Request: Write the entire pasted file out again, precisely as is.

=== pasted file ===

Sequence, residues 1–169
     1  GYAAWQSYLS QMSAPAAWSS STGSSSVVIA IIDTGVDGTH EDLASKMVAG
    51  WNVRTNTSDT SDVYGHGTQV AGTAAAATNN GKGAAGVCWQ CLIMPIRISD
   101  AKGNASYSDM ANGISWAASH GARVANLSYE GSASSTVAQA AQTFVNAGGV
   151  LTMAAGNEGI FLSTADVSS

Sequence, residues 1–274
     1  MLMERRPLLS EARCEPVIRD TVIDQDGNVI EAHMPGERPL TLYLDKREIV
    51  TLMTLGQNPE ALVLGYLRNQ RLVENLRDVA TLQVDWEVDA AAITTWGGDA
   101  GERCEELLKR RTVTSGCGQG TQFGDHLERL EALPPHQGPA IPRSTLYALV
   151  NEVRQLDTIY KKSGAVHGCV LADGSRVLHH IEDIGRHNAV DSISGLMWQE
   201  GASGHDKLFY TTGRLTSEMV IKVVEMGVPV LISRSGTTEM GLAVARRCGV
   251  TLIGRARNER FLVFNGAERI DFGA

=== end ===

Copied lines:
Sequence, residues 1–169
     1  GYAAWQSYLS QMSAPAAWSS STGSSSVVIA IIDTGVDGTH EDLASKMVAG
    51  WNVRTNTSDT SDVYGHGTQV AGTAAAATNN GKGAAGVCWQ CLIMPIRISD
   101  AKGNASYSDM ANGISWAASH GARVANLSYE GSASSTVAQA AQTFVNAGGV
   151  LTMAAGNEGI FLSTADVSS

Sequence, residues 1–274
     1  MLMERRPLLS EARCEPVIRD TVIDQDGNVI EAHMPGERPL TLYLDKREIV
    51  TLMTLGQNPE ALVLGYLRNQ RLVENLRDVA TLQVDWEVDA AAITTWGGDA
   101  GERCEELLKR RTVTSGCGQG TQFGDHLERL EALPPHQGPA IPRSTLYALV
   151  NEVRQLDTIY KKSGAVHGCV LADGSRVLHH IEDIGRHNAV DSISGLMWQE
   201  GASGHDKLFY TTGRLTSEMV IKVVEMGVPV LISRSGTTEM GLAVARRCGV
   251  TLIGRARNER FLVFNGAERI DFGA